Masses of media time and column inches are devoted to irrelevancies, like a private company not providing the Olympics security it promised, or a young Royal partying without his clothes.

So why is the disgrace of slavery in the UK not a constant news item and crusade for politicians of all colours?

On this day in 1833, slavery was abolished in most of the British Empire. This followed its being outlawed in England in 1772 and throughout the UK in 1807. Slow but steady progress. But, later, that progress faltered.

Occasionally stories do reach the public. A husband and wife were jailed in July for treating destitute men “worse than slaves” (Independent, 12/07/12) at a caravan site near Leighton Buzzard in Bedfordshire.

Earlier this year, nine men were convicted of using children from care homes as sex slaves and in government plans to combat this sexual exploitation of children by gangs were published in July. A report by MPs at the time showed up to 10,000 children went missing from care last year (BBC, 03/07/12). And, once out of the door of such care homes, children are easy prey.

A 2007 study for the Joseph Rowntree Foundation (by a joint research team from the University of Hull and Anti-Slavery International: http://www.jrf.org.uk/publications/modern-slavery-united-kingdom) found that forms of slavery are common in the UK.

For instance, they found human trafficking into the UK for sexual or domestic labour can involve thousands of women and children. Some children, in particular those from African countries, are trafficked through the UK to other countries.

Bizarrely, the UK has tended to treat trafficking as an issue of migration control rather than one of human rights! As a nation, we can sometimes seem hostile to people who want to live here, so the assumption might be “economic migrants” turn in desperation to illegal entry. But most trafficked people enter this country legally. Criminals can prey upon vulnerable people through a mixture of enforced debt, intimidation, simply taking away their documents or because they do not properly understand their rights.

What it comes down to is money.

The UN (International Labour Organisation) estimates worldwide traffic in human beings is worth at least US$32 billion annually, just under half coming from traffic to industrialised countries. Worldwide, more than 12 million people may be working as slaves, including at least 360,000 in industrialised countries.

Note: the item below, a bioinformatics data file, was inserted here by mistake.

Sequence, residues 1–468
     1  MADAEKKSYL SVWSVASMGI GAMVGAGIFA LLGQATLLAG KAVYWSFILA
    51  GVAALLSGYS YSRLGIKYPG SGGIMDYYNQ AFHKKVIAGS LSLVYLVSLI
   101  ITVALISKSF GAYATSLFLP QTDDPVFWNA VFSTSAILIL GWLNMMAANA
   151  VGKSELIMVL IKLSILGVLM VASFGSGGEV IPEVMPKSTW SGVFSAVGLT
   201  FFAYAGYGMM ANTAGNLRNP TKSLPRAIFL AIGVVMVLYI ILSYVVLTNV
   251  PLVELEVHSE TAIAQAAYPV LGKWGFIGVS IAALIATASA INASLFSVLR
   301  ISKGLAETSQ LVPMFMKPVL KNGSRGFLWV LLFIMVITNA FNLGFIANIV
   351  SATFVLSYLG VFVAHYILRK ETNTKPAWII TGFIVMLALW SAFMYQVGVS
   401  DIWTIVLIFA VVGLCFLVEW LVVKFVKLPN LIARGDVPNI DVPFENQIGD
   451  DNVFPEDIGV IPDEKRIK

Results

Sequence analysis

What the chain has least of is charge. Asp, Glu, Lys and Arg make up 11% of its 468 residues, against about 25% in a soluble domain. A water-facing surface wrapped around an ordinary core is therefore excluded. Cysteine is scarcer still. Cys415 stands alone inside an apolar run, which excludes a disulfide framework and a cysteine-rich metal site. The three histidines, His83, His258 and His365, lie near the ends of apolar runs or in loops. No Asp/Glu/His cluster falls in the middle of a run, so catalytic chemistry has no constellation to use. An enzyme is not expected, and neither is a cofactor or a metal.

Our collective hankering for “bargains” can cause slavery elsewhere in the world:

  • the conditions under which sportswear and clothing, or commodities such as tea or cocoa, are sometimes produced by slaves to keep down costs;
  • some UK-based companies, knowingly or not, rely on people working in slavery to produce goods which they sell cheaply.

And here at home, as a nation, we pretty much look the other way:

  • we like to think we care about children, yet there are at least 5,000 child sex workers in the UK;
  • children placed in care homes outside their home boroughs, no doubt to save money, often disappear from sight and can become prey to “child sex rings”;
  • each year a third of a million people go missing in Britain and, whilst most are found, those lost and destitute can end up in forced labour – as slaves.

I would say there is something wrong with a society that allows its own to be preyed upon and causes others to be preyed upon, all for the sake of money or an unwillingness to act?

As with so many social ills, they will persist if there remains a demand.

Surely it is about time we carried on the progress made 129 years ago, as the British Empire formally found its conscience?

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